In this study, microbial transglutaminase (mTGase), an enzyme that can alter the biological properties of various proteins by creating isopeptide bonds between glutamine and lysine residues, was tested for the first time on proteins from cardoon oil cakes (CPs). mTGase crosslinked CPs were used as matrix for preparing bio-based materials further evaluated for their technological characteristics, such as mechanical and hydrophilicity behavior, gas barrier and thermal properties, color and opacity. All the performed analyses demonstrated that the microbial enzyme affected the film features by making them more resistant (Young's modulus and tensile strength were 52 MPa and 1.7 MPa for the film manufactured in the absence of enzyme and 98 MPa and 3.3 MPa for the crosslinked film, respectively), less hydrophilic and permeable to gases likely due to the formation of a more compact structure due to isopeptide bonds formed by mTGase as demonstrated by scanning electron microscope analyses. For example, the water vapor permeability of neat films was 8.37 g mm m−2 d−1 kPa−1, whereas that performed by mTGase-crosslinked material was equal to 5.16 g mm m−2 d−1 kPa-1. Bio-disintegration test proved that the materials were able to be decomposed under soil-like conditions. Thermal analyses also showed that the crosslinked materials had a matrix more stable over different temperatures, as a function of enzyme concentrations. Finally, the prepared bioplastics were used as sachets to protect peanuts chosen as an example of a high-oil content snack. The findings revealed that during a 30-day period, peroxidase levels and water content of peanuts packed in sachets manufactured from mTGase-crosslinked CP were lower than those packed in neat film and unpacked, and similar to those packed in LDPE, indicating that the novel bioplastics may be employed as biodegradable materials to prolong the shelf-life of such food goods.

Cardoon seed oil cake proteins as substrate for microbial transglutaminase: Their application as matrix for bio-based packaging to extend the shelf-life of peanuts / Mirpoor, S. F.; Zannini, D.; Santagata, G.; Giosafatto, C. V. L.. - In: FOOD HYDROCOLLOIDS. - ISSN 0268-005X. - 147:(2024). [10.1016/j.foodhyd.2023.109339]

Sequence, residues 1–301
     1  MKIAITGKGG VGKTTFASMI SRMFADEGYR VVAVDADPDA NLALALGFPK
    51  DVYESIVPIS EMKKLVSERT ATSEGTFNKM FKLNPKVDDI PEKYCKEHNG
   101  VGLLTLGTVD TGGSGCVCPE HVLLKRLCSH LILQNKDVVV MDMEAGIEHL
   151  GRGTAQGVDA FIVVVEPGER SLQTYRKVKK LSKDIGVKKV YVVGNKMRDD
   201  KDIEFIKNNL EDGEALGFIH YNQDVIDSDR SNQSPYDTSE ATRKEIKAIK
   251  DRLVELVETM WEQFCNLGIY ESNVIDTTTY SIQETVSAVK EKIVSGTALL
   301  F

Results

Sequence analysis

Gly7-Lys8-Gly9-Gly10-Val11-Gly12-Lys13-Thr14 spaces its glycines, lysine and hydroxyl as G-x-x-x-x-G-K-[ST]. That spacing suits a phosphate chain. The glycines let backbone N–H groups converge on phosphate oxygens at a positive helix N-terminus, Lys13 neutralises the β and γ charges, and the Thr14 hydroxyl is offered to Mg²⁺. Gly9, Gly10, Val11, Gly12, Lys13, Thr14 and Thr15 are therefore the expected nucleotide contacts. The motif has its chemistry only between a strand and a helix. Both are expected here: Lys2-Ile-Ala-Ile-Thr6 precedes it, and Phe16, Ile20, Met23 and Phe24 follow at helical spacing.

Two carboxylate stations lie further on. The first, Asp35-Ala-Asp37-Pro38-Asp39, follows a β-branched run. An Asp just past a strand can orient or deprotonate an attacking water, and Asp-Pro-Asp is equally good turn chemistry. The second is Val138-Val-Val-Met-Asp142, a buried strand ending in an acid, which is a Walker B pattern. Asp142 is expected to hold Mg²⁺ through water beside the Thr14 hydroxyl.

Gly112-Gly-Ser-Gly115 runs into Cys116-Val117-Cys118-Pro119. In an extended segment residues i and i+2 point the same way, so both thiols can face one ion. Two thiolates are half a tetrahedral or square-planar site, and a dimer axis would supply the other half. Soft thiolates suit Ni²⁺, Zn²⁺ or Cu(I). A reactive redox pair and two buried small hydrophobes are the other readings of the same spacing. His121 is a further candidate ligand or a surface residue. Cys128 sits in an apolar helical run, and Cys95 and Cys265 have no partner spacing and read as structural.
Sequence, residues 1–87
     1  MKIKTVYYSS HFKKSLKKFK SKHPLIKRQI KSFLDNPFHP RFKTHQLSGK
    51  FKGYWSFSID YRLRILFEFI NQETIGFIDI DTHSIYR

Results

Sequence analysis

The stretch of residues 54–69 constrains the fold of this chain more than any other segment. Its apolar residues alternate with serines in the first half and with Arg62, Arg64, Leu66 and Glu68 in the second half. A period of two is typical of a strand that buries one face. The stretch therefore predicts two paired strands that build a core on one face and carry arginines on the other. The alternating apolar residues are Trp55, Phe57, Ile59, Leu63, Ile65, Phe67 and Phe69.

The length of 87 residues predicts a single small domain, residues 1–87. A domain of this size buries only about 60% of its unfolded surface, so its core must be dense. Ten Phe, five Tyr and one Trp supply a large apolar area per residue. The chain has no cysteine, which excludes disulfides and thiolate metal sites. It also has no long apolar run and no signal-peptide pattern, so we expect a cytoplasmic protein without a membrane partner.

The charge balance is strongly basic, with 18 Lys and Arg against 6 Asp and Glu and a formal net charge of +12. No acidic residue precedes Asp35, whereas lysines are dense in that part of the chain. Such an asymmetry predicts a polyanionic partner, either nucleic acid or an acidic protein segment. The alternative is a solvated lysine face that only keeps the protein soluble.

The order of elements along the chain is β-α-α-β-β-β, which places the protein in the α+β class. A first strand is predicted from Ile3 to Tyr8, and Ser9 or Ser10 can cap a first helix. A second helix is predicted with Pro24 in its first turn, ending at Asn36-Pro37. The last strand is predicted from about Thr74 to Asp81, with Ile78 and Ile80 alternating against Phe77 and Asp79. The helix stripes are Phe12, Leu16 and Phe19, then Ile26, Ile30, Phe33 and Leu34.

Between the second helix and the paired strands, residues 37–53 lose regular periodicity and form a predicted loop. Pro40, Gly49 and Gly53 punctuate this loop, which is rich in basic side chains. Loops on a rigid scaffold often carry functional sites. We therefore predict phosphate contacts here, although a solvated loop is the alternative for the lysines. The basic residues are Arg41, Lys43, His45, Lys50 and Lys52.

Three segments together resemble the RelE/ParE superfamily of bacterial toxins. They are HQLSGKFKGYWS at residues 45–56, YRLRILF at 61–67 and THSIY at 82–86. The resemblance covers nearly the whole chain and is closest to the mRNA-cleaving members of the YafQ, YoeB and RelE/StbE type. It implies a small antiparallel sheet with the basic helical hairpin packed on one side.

Cardoon seed oil cake proteins as substrate for microbial transglutaminase: Their application as matrix for bio-based packaging to extend the shelf-life of peanuts

Mirpoor S. F.
;
Zannini D.;Giosafatto C. V. L.
2024

Abstract

In this study, microbial transglutaminase (mTGase), an enzyme that can alter the biological properties of various proteins by creating isopeptide bonds between glutamine and lysine residues, was tested for the first time on proteins from cardoon oil cakes (CPs). mTGase crosslinked CPs were used as matrix for preparing bio-based materials further evaluated for their technological characteristics, such as mechanical and hydrophilicity behavior, gas barrier and thermal properties, color and opacity. All the performed analyses demonstrated that the microbial enzyme affected the film features by making them more resistant (Young's modulus and tensile strength were 52 MPa and 1.7 MPa for the film manufactured in the absence of enzyme and 98 MPa and 3.3 MPa for the crosslinked film, respectively), less hydrophilic and permeable to gases likely due to the formation of a more compact structure due to isopeptide bonds formed by mTGase as demonstrated by scanning electron microscope analyses. For example, the water vapor permeability of neat films was 8.37 g mm m−2 d−1 kPa−1, whereas that performed by mTGase-crosslinked material was equal to 5.16 g mm m−2 d−1 kPa-1. Bio-disintegration test proved that the materials were able to be decomposed under soil-like conditions. Thermal analyses also showed that the crosslinked materials had a matrix more stable over different temperatures, as a function of enzyme concentrations. Finally, the prepared bioplastics were used as sachets to protect peanuts chosen as an example of a high-oil content snack. The findings revealed that during a 30-day period, peroxidase levels and water content of peanuts packed in sachets manufactured from mTGase-crosslinked CP were lower than those packed in neat film and unpacked, and similar to those packed in LDPE, indicating that the novel bioplastics may be employed as biodegradable materials to prolong the shelf-life of such food goods.
2024
Cardoon seed oil cake proteins as substrate for microbial transglutaminase: Their application as matrix for bio-based packaging to extend the shelf-life of peanuts / Mirpoor, S. F.; Zannini, D.; Santagata, G.; Giosafatto, C. V. L.. - In: FOOD HYDROCOLLOIDS. - ISSN 0268-005X. - 147:(2024). [10.1016/j.foodhyd.2023.109339]
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Utilizza questo identificativo per citare o creare un link a questo documento: https://hdl.handle.net/11588/959654
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